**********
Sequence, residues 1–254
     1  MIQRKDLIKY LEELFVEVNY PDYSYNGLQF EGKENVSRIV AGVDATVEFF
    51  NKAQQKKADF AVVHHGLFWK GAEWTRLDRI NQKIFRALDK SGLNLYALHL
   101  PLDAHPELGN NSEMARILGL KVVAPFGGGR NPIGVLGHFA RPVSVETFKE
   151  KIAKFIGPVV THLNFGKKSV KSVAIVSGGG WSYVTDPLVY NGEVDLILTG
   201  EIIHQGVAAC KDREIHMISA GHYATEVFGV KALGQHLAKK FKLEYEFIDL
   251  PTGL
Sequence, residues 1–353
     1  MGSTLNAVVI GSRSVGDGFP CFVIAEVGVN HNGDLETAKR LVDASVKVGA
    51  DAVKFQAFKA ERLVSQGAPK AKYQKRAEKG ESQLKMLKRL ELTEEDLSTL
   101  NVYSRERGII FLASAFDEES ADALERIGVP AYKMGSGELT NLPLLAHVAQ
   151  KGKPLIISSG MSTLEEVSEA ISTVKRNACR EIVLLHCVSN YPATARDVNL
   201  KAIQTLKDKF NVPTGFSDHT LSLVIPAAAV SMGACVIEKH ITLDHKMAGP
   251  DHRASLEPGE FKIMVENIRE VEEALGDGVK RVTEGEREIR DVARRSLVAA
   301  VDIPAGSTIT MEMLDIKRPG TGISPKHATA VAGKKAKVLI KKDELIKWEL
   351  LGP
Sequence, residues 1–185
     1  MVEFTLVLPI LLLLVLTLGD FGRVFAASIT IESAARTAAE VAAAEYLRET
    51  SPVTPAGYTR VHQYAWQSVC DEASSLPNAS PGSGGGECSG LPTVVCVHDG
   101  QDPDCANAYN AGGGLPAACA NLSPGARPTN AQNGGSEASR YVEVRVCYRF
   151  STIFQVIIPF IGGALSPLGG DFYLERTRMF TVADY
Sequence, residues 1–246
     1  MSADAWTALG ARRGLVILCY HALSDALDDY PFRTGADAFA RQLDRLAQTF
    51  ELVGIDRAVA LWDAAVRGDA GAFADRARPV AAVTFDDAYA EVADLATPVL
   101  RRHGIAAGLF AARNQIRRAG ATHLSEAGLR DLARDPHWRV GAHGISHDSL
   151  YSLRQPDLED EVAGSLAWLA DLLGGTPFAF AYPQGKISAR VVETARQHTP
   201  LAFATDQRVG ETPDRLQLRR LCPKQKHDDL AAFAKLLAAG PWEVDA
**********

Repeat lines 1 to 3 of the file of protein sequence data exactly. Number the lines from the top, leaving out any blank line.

Sequence, residues 1–254
     1  MIQRKDLIKY LEELFVEVNY PDYSYNGLQF EGKENVSRIV AGVDATVEFF
    51  NKAQQKKADF AVVHHGLFWK GAEWTRLDRI NQKIFRALDK SGLNLYALHL